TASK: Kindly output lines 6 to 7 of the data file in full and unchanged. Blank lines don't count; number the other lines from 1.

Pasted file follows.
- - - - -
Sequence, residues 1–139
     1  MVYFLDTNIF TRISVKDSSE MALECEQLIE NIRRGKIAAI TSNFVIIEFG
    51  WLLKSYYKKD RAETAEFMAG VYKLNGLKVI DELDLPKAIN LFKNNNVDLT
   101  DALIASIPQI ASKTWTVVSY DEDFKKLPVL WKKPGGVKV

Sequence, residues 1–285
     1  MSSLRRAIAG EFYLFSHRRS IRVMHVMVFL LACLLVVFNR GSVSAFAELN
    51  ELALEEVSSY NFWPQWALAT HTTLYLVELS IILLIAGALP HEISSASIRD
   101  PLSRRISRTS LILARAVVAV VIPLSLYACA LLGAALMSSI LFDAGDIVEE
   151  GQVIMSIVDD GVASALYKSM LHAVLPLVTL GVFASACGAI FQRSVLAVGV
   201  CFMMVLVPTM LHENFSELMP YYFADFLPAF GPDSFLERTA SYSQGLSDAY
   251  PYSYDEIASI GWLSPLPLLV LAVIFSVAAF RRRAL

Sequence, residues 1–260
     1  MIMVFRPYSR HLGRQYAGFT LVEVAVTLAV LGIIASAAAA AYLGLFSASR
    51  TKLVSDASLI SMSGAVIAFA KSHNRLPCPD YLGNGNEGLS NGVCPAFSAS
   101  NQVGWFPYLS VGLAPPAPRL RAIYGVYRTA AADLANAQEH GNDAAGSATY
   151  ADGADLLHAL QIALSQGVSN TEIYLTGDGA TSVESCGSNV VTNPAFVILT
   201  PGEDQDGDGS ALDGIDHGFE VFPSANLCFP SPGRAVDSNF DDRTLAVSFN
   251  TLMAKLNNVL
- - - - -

     1  MSSLRRAIAG EFYLFSHRRS IRVMHVMVFL LACLLVVFNR GSVSAFAELN
    51  ELALEEVSSY NFWPQWALAT HTTLYLVELS IILLIAGALP HEISSASIRD